Normally, I would talk about the living history significance of re-creating an 18th-century hunting camp, but there is a darker side to this story that needs to be told and heeded. First, most folks in this group did not know each other. News of the hunting camp came from handbills, limited print advertising and word of mouth. If I recall, I think the assemblage of hunters hailed from four different states: Illinois, Indiana, Ohio and Michigan. I was specifically invited to attend by the “Captain” who organized the hunt/shoot/rendezvous with hopes that I would write a feature story or two about the event. As it turned out, I traveled the farthest, over 450 miles.
The Captain had a printed set of “camp rules,” which he gave to each participant upon arrival. These rules were heavy to the shooting side of the gathering, but still emphasized safety. Hidden toward the end of the list was a reminder to keep gunpowder away from the open fires and that no “loaded” guns were allowed in camp.
In the afternoon of the first day, the names of all registered participants went into a bowl and one lucky hunter won a deer hunt on the landowner’s hunting preserve. The rest of us followed a trail to an old gravel pit for a fine woodswalk, which ended just before the supper hour. We all returned to camp with muzzleloaders to clean, and when the lucky hunter returned with his fallow deer, his arm was empty, too.
Within the camp were four fellows who had hunted together before. These hunters were seasoned woodsmen, and since they knew each other, they pitched their tents side-by-side on the north edge of the camp and dug a common fire pit. At the council fire that cool Saturday evening, one of the four declared that “they would be ready if the coyotes dared run through camp, again.” Another hunter asked what that meant and was quickly told “We’re loaded and primed for coyote!”
With a little prodding, the Captain reiterated that there were no “loaded” arms allowed in camp. After further questioning, he stated “barrels must be empty and uncharged.” He told the four if any of them had a charge in the barrel, they needed to pull it. “We’re not loaded, yet,” was the group response. A couple hours later, I headed up the hill to bed, not giving the statements anymore thought.
As I nursed a small fire for breakfast, the hunter camped to the west of me exclaimed something to the effect of “Hey, look at that,” as he pointed to the north camp. I swung around in time to see two of the hunters standing in front of their tents with their rifles in hand, dumping priming powder from the pans. My neighbor was on his feet, marching fast to the Captain’s lodge before the offenders re-entered their tents. In a few moments my neighbor returned shaking his head in disgust.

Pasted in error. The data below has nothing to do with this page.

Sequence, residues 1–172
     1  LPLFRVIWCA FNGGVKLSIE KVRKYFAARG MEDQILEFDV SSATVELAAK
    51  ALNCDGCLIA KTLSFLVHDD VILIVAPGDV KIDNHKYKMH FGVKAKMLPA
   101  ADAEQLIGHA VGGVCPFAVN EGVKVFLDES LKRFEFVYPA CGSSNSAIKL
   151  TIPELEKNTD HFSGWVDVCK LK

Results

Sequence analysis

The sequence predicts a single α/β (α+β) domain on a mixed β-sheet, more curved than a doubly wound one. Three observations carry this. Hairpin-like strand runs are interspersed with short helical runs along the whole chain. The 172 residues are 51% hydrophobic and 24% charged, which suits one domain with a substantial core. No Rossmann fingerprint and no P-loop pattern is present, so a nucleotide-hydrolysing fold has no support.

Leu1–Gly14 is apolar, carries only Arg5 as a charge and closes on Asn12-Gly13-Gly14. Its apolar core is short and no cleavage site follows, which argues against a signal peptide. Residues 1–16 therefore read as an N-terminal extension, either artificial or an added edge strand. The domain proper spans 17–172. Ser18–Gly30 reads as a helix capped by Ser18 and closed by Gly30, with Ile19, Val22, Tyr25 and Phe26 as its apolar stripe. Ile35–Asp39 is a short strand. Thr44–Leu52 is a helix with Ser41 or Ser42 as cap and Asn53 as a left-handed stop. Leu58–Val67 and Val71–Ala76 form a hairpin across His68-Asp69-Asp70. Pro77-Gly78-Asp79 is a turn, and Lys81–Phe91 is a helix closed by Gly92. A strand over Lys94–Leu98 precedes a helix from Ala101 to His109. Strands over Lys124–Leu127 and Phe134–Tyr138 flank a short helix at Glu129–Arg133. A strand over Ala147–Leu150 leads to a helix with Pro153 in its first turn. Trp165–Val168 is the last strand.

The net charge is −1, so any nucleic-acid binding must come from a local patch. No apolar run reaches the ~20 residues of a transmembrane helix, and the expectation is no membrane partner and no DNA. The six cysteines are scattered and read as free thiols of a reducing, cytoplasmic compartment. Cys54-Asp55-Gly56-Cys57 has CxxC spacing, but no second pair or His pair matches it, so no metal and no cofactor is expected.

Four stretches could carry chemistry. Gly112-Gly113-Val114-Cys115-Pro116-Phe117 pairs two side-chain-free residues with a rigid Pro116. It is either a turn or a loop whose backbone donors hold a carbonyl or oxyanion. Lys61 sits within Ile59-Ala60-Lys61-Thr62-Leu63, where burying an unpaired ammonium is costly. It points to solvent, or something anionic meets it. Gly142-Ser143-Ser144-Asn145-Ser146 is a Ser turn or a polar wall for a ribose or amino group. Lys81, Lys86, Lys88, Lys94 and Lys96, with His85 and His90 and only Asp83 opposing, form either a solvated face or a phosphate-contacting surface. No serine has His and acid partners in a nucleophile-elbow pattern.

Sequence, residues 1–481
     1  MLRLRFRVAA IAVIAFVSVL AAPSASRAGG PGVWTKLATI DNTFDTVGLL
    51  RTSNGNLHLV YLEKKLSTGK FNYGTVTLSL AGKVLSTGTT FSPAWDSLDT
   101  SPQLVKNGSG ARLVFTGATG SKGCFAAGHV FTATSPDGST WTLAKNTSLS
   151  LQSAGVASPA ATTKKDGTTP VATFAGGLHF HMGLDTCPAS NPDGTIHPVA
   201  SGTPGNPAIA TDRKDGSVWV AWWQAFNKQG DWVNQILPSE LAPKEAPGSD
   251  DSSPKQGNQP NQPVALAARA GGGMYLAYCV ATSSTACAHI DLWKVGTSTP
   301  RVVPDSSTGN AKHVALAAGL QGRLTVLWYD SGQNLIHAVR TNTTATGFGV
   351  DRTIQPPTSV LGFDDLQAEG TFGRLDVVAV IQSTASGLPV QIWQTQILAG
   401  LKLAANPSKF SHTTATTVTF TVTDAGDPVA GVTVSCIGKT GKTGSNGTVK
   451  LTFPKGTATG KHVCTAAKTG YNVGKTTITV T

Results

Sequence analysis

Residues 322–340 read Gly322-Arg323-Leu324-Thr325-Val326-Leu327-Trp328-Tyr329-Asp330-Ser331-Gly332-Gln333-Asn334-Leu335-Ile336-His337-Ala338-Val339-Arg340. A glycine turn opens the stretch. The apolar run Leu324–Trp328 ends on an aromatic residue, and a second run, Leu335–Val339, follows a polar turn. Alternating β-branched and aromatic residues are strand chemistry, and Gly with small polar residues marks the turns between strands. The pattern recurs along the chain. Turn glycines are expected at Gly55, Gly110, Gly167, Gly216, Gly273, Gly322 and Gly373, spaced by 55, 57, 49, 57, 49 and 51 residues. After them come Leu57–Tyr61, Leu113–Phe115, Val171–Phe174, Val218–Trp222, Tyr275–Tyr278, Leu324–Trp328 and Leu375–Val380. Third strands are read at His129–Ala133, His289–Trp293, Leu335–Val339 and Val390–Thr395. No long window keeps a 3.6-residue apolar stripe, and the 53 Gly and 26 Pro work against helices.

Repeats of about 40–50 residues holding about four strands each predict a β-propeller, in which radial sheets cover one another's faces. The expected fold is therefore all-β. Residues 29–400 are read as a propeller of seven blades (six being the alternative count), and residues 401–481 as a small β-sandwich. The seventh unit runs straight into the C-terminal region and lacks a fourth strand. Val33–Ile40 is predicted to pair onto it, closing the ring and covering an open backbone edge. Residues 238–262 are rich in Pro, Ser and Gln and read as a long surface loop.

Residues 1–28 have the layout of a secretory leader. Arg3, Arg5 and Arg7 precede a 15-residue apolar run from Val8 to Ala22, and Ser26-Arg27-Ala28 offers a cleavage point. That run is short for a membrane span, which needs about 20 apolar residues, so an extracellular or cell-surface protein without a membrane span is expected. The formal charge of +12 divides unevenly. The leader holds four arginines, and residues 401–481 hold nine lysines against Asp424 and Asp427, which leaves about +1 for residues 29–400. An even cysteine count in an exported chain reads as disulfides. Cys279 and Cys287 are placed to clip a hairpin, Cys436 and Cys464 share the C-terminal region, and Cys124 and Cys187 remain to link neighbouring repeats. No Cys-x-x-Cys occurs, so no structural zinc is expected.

It seems that after the rest of the camp turned in, the four coaxed the Captain into allowing them to keep their rifles charged, but unprimed. After breakfast, my neighbor and I both started breaking camp. We left a little before noon; neither of us stayed for the afternoon’s shoot or the awards ceremony.
I retell this story from time to time to make a point: it is imperative that all members of a hunting camp, modern or traditional, agree on a few necessary safety rules and then enforce those rules. I shudder every time I think about those coyotes returning on that Saturday night, and then I thank God they didn’t.
There are no set hunting camp standards that I am aware of. Over the years I have been fortunate to participate in many traditional black powder hunting camps. In general, muzzleloaders with a charge in the barrel must be unprimed or uncapped with the touch hole or nipple plugged or covered before the arm is brought into camp. “Charged and unprimed/uncapped” guns are allowed in camp during the day as an accommodation to hunters as they come and go from the field. In some camps an area is designated for storing these guns. Again, in general, at the end of the day, the muzzleloader must be discharged and kept overnight in camp with an uncharged barrel, preferably stowed in a case. If the gun has been discharged in the course of the pursuit, it needs to be cleaned and tended to, anyway.
Again, when setting up a traditional black powder hunting camp, insist that all participants agree on a few necessary safety rules and then enforce those rules.
Give traditional black powder hunting a try, be safe, and may God bless you.